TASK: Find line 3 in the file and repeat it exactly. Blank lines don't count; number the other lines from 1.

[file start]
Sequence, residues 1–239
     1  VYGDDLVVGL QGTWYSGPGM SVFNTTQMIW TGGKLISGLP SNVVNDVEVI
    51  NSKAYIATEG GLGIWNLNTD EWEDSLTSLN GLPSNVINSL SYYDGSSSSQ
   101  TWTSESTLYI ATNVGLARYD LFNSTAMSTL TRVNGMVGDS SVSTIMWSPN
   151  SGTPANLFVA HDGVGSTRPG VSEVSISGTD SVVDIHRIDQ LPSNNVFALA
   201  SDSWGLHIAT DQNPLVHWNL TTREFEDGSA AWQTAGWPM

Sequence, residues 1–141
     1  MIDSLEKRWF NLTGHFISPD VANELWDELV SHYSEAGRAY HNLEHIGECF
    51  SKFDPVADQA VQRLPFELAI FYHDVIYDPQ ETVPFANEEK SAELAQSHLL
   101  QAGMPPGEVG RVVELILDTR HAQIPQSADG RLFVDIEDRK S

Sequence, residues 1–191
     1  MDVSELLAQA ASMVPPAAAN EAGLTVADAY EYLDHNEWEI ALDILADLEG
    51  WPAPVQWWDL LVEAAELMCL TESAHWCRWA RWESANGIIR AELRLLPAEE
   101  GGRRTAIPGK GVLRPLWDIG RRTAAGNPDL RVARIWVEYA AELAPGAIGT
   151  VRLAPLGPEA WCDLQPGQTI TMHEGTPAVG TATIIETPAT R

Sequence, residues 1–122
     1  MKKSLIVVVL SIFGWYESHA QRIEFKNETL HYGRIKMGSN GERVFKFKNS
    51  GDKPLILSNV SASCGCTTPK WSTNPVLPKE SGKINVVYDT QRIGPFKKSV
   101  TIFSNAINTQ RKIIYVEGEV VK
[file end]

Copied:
    51  NSKAYIATEG GLGIWNLNTD EWEDSLTSLN GLPSNVINSL SYYDGSSSSQ